• ELAALRL4 The student employs a variety of writing genres to demonstrate a comprehensive grasp of significant ideas in selected literary works. The student composes essays, narratives, poems, or technical documents.

  • ELAALRC2 The student participates in discussions related to curricular learning in all subject areas.

  • ELAALRC4 The student establishes a context for information acquired by reading across subject areas.


Understandings:

Students will understand that. . .

  • Fiction does not exist in a vacuum. It coexists with the society in which it is created.

  • Fiction can be just as powerful as an official speech or decree or document.

  • Context is integral to any work of literature.

  • Fiction is not tied down to form.


Essential Questions:

  • Can society be legitimately questioned through fiction?

  • What influences public opinion / awareness of an issue?

  • Does the kind of society we live in affect the effectiveness of literature?

  • Can literature change the world?


Students will know. . .

  • The historical background surrounding the composition and publication of The Jungle.

  • The nature of modern poverty.

  • Modern issues within the food service industry as presented in Super-Size Me!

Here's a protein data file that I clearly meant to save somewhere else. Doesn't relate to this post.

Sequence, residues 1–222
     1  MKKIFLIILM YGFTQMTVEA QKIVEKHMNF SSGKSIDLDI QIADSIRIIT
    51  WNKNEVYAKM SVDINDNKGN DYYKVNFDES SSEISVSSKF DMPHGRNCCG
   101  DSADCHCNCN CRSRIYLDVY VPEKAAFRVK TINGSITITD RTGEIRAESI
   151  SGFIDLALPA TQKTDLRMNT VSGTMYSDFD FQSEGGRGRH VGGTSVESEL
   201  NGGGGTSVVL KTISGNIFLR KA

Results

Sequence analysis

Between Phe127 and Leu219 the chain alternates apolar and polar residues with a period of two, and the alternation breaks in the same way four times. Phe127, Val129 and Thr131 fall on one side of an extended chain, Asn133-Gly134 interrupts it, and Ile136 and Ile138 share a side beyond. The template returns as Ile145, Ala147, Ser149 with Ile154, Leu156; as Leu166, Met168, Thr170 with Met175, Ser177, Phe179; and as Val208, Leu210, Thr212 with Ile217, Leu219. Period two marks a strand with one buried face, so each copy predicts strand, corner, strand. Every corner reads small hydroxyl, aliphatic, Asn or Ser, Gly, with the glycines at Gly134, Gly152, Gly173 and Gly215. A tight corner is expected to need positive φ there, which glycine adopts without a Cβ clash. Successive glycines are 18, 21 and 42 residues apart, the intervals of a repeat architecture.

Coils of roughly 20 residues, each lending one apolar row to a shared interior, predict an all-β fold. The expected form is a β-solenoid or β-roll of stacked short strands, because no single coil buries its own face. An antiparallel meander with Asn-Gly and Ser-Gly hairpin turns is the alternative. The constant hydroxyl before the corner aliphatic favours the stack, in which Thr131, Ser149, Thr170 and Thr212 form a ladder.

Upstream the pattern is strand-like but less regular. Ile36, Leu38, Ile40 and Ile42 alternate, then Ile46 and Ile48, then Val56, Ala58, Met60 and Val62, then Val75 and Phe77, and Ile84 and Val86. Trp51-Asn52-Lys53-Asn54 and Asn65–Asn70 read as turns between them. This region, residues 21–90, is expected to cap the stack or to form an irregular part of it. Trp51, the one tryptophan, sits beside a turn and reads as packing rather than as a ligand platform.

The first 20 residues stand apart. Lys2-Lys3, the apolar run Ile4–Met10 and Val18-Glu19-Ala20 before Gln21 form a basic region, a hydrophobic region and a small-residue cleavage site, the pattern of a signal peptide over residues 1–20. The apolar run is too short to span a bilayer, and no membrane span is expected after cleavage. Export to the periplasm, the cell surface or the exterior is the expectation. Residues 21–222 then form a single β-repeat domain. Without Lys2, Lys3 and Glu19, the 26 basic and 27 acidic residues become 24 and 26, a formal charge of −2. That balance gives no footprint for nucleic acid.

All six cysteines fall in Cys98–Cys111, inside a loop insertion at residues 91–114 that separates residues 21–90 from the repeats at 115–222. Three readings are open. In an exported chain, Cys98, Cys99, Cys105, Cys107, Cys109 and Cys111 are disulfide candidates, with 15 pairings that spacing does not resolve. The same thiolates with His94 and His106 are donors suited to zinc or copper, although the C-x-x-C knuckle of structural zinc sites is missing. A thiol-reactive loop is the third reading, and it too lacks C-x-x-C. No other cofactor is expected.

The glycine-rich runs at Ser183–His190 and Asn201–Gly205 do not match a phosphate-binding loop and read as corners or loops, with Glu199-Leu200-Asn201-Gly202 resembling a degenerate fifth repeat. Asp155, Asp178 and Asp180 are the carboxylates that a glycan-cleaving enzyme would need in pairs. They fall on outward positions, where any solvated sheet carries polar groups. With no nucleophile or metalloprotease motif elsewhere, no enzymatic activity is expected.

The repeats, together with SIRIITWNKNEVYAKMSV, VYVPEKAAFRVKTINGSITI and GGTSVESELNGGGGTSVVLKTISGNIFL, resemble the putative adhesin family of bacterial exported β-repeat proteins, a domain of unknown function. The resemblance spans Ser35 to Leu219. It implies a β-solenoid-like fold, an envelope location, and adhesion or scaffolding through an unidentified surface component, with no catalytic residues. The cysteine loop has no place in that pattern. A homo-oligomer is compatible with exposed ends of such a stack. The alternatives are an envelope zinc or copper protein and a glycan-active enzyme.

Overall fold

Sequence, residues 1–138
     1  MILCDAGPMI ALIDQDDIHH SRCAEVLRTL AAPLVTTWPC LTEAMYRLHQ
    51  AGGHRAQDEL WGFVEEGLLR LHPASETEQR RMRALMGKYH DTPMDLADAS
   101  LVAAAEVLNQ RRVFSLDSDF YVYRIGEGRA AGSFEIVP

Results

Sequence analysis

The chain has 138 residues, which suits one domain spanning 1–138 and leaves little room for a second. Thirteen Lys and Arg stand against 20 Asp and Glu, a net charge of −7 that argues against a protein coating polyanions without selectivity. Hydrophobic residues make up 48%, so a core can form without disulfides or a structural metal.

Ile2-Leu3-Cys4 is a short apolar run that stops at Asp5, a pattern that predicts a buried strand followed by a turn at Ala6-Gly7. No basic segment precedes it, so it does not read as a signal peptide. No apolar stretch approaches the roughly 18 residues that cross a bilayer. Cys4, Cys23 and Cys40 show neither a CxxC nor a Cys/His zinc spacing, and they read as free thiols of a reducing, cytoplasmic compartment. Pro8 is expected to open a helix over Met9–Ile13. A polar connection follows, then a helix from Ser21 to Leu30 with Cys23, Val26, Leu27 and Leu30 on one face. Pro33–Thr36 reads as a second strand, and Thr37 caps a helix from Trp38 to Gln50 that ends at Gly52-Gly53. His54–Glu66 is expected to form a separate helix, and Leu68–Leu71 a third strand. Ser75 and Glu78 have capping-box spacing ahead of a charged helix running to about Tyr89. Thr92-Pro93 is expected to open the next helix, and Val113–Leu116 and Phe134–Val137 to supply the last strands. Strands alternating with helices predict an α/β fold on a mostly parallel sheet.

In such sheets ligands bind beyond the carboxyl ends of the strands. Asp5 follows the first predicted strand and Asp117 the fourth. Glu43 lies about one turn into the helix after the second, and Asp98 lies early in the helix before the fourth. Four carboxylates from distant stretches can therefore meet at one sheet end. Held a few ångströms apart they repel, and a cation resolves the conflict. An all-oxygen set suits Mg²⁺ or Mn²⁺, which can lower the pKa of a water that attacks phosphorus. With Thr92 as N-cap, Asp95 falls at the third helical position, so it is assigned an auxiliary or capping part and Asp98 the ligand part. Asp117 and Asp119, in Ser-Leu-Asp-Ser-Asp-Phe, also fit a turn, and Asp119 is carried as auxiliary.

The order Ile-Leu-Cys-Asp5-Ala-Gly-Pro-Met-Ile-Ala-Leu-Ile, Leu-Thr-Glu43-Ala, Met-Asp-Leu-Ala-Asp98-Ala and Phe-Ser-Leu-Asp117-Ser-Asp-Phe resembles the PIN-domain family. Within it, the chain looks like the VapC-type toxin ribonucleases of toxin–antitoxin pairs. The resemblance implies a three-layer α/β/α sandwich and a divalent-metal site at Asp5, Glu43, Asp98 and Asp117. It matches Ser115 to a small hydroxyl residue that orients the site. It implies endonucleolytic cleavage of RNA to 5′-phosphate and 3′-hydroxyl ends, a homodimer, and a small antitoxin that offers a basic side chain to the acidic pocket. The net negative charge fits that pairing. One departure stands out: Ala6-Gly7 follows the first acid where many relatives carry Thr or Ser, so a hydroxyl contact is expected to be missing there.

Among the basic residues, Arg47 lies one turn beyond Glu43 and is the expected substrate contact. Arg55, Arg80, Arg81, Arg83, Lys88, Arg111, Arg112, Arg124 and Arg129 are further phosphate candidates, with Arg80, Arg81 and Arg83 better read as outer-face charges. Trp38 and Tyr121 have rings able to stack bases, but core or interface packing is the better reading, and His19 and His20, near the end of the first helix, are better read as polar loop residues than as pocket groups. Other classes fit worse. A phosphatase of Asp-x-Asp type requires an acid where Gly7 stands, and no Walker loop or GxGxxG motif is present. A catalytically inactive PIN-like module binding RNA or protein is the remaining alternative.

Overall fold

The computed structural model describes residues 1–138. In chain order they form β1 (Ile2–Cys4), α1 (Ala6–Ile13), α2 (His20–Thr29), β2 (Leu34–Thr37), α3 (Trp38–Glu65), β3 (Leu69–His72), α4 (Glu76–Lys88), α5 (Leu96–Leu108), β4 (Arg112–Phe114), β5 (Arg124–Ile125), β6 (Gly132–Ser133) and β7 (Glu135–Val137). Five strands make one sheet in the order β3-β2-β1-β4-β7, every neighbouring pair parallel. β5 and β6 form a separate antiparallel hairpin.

• Definition and philosophy behind socialism.

  • Vocabulary related to the Jungle and different political philosophies: socialism, freedom, capitalism, Marx

  • Context and inspiration behind composition of Orwell’s 1984.

  • The malleability of language.

  • Context and inspiration behind the artwork of Pablo Picasso, Francisco Goya, and Imre Varga.

  • Vocabulary related to filmmaking: shot (and the various types) lighting, costume/set design, score, editing ect.


Students will be able to. . .

  • Demonstrate their understanding of a text by supporting conclusions about a text using textual evidence.

  • Make connections between literary works and societal issues.

  • Orient a work within its historical moment.

  • Articulate understanding of how film communicates through its various elements.

  • Articulate their conclusions in writing using multiple genres.

  • Hold informed discussion with their peers on assigned texts.

  • Use research to substantiate their learning and justify their conclusions about a text.

  • Use technology to access information.

  • Read a text through a Marxist theory lens

  • “Read” a film.




Stage 2 – Assessment Evidence


Performance Tasks:

  • Multi-genre Research Project – presented in a mid-semester seminar open to parents and additional faculty


Criteria for performance of understanding:

  • Multi-genre project contains writing pieces which relate to the themes and subjects under discussion throughout the unit.